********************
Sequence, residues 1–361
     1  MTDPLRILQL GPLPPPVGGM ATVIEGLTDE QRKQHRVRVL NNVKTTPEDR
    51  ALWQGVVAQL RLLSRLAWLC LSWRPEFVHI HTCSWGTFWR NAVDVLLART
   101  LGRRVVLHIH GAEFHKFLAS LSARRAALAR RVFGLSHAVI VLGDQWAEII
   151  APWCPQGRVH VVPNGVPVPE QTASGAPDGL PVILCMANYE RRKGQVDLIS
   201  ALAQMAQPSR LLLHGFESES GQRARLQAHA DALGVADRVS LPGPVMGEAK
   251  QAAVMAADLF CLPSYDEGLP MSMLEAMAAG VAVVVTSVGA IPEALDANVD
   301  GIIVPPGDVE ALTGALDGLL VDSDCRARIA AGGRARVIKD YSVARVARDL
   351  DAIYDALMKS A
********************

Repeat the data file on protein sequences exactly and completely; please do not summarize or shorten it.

Sequence, residues 1–361
     1  MTDPLRILQL GPLPPPVGGM ATVIEGLTDE QRKQHRVRVL NNVKTTPEDR
    51  ALWQGVVAQL RLLSRLAWLC LSWRPEFVHI HTCSWGTFWR NAVDVLLART
   101  LGRRVVLHIH GAEFHKFLAS LSARRAALAR RVFGLSHAVI VLGDQWAEII
   151  APWCPQGRVH VVPNGVPVPE QTASGAPDGL PVILCMANYE RRKGQVDLIS
   201  ALAQMAQPSR LLLHGFESES GQRARLQAHA DALGVADRVS LPGPVMGEAK
   251  QAAVMAADLF CLPSYDEGLP MSMLEAMAAG VAVVVTSVGA IPEALDANVD
   301  GIIVPPGDVE ALTGALDGLL VDSDCRARIA AGGRARVIKD YSVARVARDL
   351  DAIYDALMKS A